Royal Marines are trialling drones to help support operations, say the Royal Navy.
Remotely operated systems will be used to provide Royal Marines Commandos on the ground with ammunition, fuel, medical supplies or food and water, as well as intelligence of ‘enemy’ movements and activity.
According to a Royal Navy news release:
“The two-week workout in and off Cyprus – dubbed Exercise Autonomous Advance Force 3.0 – is one of the key set-piece events on this autumn’s amphibious deployment by the Royal Navy. Lessons learned will be used both to develop the tactics and determine the equipment needed to turn the Royal Marines into the Future Commando Force.
The tip-to-toe overhaul of the Corps sees Royal Marines returning to their commando roots as small, stealthy raiding teams who strike from the sea, aided by the latest tech. Some of the equipment and tactics were tested in Norway earlier this year. The Mediterranean allows similar experimentation – but in warmer surroundings.”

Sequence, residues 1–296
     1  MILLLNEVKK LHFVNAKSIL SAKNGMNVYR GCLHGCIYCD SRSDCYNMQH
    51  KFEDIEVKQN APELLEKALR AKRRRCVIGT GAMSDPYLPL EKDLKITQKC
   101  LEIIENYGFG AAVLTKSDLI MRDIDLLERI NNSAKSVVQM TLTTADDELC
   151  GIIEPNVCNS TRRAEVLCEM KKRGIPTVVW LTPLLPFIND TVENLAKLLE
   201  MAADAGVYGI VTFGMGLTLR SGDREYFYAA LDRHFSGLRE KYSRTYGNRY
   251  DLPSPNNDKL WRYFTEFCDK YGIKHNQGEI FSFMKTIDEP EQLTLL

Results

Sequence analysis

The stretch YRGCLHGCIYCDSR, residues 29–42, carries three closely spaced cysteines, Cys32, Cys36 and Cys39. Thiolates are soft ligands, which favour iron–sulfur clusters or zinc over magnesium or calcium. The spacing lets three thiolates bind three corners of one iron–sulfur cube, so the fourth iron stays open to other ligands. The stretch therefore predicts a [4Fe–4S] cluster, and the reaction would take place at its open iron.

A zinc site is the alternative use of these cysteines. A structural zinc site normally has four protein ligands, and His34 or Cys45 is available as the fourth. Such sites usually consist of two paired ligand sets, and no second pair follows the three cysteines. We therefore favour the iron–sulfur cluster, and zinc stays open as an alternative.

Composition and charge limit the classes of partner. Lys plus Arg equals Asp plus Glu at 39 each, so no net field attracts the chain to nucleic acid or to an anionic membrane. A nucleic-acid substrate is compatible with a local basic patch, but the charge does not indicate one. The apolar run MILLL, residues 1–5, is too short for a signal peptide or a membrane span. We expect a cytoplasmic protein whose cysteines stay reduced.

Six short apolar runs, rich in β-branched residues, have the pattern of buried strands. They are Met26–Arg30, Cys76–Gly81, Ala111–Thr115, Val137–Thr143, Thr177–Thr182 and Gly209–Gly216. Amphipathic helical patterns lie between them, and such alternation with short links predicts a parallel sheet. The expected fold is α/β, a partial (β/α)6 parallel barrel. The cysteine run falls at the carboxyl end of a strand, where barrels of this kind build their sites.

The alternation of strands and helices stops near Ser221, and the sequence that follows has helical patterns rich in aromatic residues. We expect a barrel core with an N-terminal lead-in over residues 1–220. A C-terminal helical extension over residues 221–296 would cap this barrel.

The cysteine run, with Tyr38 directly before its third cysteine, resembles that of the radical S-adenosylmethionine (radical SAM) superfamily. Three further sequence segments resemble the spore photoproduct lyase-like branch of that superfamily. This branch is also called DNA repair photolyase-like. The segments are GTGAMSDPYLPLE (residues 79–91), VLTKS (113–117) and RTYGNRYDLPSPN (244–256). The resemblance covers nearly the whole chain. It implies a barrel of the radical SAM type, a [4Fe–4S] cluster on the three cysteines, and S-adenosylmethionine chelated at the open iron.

“Cyprus gives us a superb opportunity to test the equipment and concepts of the UK’s Future Commando Force, whilst maintaining our excellence at the basics,” said Colonel Chris Haw, Commanding Officer of 47 Commando Raiding Group Royal Marines, leading the exercise.
“We are putting this technology into the hands of Royal Marines and sailors and integrating it both at sea and on land.”
Working with defence tech company QinetiQ, 47 Commando’s trials squadron will test a number of drones, including operating between Royal Navy vessels and the shore for the first time.
“Royal Marines from 40 Commando will use a live data feed from a drone for surveillance and reconnaissance training, plus test software that will assist communications, gathering intelligence, navigating, and data sharing in challenging environments.”